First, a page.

A senior aide to New York Governor Andrew Cuomo resigned on Sunday in the wake of a state attorney general's report that the governor sexually harassed 11 women.
Melissa DeRosa, secretary to the governor, was linked in the report to efforts to cover up the governor's actions and retaliate against one of his accusers. Her name was mentioned 187 times in the 168-page report that was released on Tuesday.
"Personally, the past 2 years have been emotionally and mentally trying. I am forever grateful for the opportunity to have worked with such talented colleagues on behalf of our state," DeRosa said in a statement.
The report found that Cuomo groped, kissed or made suggestive comments to 11 women in violation of the law, prompting local prosecutors to launch a criminal investigation and re-igniting calls for him to resign or be impeached.
Cuomo has thus far resisted widespread calls for him to step down, including from fellow Democrats such as President Joe Biden, but he could soon face impeachment and removal from office by state lawmakers.
The New York State Assembly's Judiciary Committee has scheduled a meeting to address impeachment proceedings on Monday at 9:30 a.m. EDT (1330 GMT).
Meanwhile, a former assistant who filed a criminal complaint against Cuomo last week on accusations he groped her in the Executive Mansion in Albany is speaking publicly for the first time in a televised interview to be broadcast on Monday, saying the governor "needs to be held accountable."
Brittany Commisso, one of the 11 women Cuomo is accused of sexually harassing, was identified only as "executive assistant #1" in the report.
She told state investigators that Cuomo fondled her breast on one occasion, the most serious allegation the governor faces. She also said he rubbed her backside while taking a photo.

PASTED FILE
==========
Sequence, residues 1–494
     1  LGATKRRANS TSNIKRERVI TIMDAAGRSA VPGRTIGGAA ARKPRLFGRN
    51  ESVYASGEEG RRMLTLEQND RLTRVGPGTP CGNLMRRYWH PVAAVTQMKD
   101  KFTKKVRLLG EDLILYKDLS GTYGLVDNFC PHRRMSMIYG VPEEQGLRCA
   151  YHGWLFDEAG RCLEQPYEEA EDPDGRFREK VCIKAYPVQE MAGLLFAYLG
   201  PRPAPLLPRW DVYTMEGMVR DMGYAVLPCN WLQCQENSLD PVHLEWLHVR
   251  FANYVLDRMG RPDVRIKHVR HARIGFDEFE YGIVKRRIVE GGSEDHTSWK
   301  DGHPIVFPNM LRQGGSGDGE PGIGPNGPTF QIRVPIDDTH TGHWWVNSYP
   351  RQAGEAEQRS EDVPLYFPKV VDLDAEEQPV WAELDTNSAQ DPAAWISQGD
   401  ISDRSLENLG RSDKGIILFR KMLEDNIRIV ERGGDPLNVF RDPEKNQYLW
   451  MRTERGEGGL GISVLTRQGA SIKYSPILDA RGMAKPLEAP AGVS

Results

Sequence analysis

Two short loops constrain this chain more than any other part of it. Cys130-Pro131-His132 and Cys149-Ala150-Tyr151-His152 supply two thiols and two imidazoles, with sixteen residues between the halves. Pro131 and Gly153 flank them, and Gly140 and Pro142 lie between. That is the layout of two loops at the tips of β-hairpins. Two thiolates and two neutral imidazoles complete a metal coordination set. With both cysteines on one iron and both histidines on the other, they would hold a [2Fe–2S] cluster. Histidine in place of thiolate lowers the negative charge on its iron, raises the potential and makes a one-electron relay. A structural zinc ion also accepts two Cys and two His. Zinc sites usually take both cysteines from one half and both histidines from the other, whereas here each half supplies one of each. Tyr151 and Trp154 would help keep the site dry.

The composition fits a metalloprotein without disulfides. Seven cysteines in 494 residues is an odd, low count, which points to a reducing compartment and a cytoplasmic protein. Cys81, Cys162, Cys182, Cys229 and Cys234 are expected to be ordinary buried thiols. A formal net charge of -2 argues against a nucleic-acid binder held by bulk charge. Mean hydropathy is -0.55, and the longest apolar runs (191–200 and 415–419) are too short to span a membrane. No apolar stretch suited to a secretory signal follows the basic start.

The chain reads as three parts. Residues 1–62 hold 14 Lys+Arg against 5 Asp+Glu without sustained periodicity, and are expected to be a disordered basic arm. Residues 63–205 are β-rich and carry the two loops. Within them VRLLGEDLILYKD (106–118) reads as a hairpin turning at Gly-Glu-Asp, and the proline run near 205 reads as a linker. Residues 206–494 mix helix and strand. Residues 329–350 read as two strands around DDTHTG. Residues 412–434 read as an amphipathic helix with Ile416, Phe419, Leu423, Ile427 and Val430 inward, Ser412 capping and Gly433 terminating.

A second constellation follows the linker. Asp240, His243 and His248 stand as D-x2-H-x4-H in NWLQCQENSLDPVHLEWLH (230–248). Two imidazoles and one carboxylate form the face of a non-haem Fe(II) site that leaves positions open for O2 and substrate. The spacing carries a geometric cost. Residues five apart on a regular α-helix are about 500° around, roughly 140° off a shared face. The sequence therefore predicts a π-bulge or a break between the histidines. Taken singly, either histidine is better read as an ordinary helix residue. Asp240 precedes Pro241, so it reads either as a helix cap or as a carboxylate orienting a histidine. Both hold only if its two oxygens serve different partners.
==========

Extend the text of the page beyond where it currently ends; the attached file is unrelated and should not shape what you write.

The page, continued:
Last week, she filed a criminal complaint with the Albany sheriff's office. The sheriff, Craig Apple, told reporters on Saturday his agency and the county district attorney's office would conduct a thorough investigation before determining whether a criminal charge is supported.
In an interview with CBS News and the Albany Times-Union that is scheduled to air on Monday morning, Commisso said she filed the report to hold Cuomo responsible for his actions.
"What he did to me was a crime," she said in an excerpt released by CBS on Sunday. "He broke the law."
Cuomo has denied any wrongdoing, though he has acknowledged that his efforts to be affectionate with people he encounters may have made some people uncomfortable.
His lawyer, Rita Glavin, told reporters on Friday that Commisso's account was fabricated, citing emails and other documentary evidence she said undermines her story.
In another excerpt released by CBS, Commisso said occasional hugs and kisses on the cheek escalated when one time Cuomo quickly turned his head and kissed her on the lips.
Yet she "didn't say anything" at the time, Commisso said.
"People don't understand that this is the governor of the state of New York. There are troopers that are outside of the mansion and there are some mansion staff. Those troopers that are there, they are not there to protect me. They are there to protect him," Commisso said. (Reporting by Daniel Trotta and Joseph Ax; Editing by Daniel Wallis and Raju Gopalakrishnan)